39th Re-Rooters Day Ceremony
What to Do With Post Holiday Trees
By: Jay Critchley - Jan 01, 2022
“If you purge it, Jay will burn it.
That’s the sizzle behind Re-Rooters day, a voyage into kooky conflagration at the Cape tip.”
— Provincetown Banner
There’s more than one IRS, and Jay Critchley’s International Re-Rooters Society (IRS) collects things only to remove them. Each year, the artist includes the public in a personal ceremony to discard the objects and experiences that prohibit them from a deeper connection with the earth and human life, and to “re-root” themselves to the earth.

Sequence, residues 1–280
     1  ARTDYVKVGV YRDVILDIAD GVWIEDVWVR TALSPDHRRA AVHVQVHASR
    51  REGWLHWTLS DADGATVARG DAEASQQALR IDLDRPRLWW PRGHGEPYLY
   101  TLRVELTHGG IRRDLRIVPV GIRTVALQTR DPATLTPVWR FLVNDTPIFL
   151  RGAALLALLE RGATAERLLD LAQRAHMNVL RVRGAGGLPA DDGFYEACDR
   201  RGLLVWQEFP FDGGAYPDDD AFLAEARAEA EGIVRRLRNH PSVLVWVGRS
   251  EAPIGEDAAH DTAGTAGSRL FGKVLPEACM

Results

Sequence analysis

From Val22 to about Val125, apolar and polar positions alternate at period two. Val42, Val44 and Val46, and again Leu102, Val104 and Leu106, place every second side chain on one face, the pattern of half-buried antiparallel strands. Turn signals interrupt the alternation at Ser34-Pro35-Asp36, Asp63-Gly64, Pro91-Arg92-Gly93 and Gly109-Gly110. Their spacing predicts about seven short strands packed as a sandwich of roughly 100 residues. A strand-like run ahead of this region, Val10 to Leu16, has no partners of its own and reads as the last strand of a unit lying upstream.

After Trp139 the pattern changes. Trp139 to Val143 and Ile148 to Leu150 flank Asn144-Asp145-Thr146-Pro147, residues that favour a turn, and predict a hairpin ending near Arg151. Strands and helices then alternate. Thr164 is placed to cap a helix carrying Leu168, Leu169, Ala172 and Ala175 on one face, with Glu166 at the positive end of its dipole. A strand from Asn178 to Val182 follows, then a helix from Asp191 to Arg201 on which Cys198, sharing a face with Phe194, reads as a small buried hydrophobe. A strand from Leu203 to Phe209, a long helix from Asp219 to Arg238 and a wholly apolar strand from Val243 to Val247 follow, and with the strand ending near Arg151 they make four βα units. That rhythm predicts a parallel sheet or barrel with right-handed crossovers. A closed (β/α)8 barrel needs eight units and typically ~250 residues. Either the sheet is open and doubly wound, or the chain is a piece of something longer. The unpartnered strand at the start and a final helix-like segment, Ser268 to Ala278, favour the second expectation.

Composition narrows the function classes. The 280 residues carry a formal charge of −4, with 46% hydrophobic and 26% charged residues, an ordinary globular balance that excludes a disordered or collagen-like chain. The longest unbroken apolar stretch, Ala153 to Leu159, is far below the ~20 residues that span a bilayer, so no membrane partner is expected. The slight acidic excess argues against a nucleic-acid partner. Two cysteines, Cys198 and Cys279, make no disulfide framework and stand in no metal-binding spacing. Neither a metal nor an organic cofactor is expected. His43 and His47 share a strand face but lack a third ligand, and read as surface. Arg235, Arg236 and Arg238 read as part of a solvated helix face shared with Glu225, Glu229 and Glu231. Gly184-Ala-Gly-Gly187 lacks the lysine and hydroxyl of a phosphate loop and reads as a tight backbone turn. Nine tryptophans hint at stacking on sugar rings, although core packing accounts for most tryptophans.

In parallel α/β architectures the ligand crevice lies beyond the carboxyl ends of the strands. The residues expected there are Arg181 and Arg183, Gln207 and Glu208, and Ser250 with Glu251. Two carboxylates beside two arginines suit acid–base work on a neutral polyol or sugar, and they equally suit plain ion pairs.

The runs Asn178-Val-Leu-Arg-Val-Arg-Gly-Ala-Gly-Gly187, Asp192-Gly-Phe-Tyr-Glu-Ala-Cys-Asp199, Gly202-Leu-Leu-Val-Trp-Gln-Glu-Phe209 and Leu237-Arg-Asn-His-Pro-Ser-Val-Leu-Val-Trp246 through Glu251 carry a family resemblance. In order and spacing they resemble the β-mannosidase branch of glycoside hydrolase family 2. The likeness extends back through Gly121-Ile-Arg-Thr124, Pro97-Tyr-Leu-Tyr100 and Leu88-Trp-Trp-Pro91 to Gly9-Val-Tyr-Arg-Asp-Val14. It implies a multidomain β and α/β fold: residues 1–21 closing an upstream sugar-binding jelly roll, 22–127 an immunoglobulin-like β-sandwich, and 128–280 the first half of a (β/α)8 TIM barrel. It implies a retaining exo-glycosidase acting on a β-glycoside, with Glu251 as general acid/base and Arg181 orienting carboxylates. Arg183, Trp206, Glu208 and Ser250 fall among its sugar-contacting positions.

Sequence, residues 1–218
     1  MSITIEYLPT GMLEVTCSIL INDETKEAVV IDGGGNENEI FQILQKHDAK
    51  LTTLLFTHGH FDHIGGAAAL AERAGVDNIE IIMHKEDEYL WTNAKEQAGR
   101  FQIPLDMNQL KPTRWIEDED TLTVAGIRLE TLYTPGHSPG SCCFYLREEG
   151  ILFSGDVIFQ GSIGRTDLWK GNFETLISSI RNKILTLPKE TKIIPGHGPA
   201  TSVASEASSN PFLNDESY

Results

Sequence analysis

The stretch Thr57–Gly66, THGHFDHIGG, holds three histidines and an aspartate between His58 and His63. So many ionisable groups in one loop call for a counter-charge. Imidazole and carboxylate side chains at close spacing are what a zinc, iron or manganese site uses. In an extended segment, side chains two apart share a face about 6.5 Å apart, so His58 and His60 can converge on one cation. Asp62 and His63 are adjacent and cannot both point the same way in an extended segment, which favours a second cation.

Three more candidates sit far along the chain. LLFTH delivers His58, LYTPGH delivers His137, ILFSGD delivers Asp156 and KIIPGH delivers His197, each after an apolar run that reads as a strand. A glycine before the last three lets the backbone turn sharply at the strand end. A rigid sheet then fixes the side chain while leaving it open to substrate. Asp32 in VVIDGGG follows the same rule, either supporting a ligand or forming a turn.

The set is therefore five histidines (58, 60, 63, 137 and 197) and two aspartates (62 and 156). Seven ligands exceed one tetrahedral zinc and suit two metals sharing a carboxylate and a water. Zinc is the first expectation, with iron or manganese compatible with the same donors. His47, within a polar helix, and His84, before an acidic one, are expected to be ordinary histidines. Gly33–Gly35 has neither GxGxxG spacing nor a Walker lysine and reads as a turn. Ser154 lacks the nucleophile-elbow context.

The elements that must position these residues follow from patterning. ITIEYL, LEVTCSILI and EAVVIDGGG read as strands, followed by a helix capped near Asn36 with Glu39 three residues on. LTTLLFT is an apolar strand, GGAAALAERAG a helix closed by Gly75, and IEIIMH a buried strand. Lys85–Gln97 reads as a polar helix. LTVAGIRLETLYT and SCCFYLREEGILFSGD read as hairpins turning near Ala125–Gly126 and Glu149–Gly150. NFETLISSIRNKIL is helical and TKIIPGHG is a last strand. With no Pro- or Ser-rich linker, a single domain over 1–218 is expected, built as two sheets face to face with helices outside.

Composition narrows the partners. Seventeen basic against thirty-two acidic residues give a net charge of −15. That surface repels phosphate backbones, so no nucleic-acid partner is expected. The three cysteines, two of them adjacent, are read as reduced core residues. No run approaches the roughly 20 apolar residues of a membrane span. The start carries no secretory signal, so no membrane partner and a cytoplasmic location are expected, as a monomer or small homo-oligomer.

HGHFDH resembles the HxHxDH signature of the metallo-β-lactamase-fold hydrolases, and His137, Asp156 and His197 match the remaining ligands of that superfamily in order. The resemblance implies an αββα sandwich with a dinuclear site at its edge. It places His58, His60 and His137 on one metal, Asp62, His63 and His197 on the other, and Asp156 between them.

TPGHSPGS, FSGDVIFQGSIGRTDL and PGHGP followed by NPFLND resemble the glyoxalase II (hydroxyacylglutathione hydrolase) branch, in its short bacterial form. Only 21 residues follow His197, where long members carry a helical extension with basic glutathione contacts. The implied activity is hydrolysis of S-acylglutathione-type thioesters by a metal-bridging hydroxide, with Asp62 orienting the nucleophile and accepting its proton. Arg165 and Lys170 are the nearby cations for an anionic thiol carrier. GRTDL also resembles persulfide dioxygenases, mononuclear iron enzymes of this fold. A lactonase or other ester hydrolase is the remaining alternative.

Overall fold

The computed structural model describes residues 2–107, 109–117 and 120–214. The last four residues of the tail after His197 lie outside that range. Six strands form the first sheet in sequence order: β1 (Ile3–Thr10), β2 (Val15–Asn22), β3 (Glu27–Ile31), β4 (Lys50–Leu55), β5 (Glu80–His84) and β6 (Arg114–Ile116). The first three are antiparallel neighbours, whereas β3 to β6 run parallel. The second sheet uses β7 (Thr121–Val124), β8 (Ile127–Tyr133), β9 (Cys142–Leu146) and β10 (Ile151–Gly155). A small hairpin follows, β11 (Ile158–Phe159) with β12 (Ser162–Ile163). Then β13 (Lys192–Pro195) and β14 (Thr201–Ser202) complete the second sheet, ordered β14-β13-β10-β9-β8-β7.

This post-Christmas, post-consumption, environmental movement got its start in 1983, when Critchley created a forest of discarded Christmas trees at the Provincetown Dump. More than 30 years later, the annual community ritual is performed on Provincetown’s harbor on January 7, a purging of political and personal distress from the year gone by.
Each Re-Rooters Day Ceremony is accompanied by a hot button political theme (1999’s Sports Futility Vehicles; 2013’s Pistol Cliff) and the ceremony is performed by Critchley himself, with song, ranting, and a call and response structure that mimics many religious rituals. The rite concludes with the dramatic burning of a discarded Christmas tree on a makeshift boat, sent out into the harbor at sunset.
Video of Annual Ceremony